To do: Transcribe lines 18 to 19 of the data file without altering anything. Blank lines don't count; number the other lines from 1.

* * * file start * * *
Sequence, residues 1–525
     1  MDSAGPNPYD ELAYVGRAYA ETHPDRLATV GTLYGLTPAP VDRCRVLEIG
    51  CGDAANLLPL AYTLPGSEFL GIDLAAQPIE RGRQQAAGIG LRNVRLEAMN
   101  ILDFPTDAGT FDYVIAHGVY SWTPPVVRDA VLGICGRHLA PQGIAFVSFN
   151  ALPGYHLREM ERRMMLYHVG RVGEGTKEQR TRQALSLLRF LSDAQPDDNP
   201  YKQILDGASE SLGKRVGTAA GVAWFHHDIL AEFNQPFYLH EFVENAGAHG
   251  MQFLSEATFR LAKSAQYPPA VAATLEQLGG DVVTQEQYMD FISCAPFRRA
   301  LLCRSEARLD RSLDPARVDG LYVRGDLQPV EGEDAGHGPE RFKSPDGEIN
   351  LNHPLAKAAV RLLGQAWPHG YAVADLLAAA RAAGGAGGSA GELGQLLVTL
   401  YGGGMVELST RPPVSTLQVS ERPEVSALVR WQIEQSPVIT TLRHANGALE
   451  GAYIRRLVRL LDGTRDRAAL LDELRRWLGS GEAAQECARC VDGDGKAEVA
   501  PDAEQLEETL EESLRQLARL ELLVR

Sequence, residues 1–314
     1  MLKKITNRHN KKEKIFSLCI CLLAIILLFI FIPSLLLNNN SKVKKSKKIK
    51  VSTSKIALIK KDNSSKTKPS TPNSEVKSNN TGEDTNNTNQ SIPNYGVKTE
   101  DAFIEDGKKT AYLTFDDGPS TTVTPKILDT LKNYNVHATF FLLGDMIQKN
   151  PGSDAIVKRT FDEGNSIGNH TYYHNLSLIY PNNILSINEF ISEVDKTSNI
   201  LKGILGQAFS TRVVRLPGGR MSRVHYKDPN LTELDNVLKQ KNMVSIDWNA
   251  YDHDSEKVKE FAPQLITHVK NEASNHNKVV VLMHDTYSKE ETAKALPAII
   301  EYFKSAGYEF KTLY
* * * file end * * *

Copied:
   201  LKGILGQAFS TRVVRLPGGR MSRVHYKDPN LTELDNVLKQ KNMVSIDWNA
   251  YDHDSEKVKE FAPQLITHVK NEASNHNKVV VLMHDTYSKE ETAKALPAII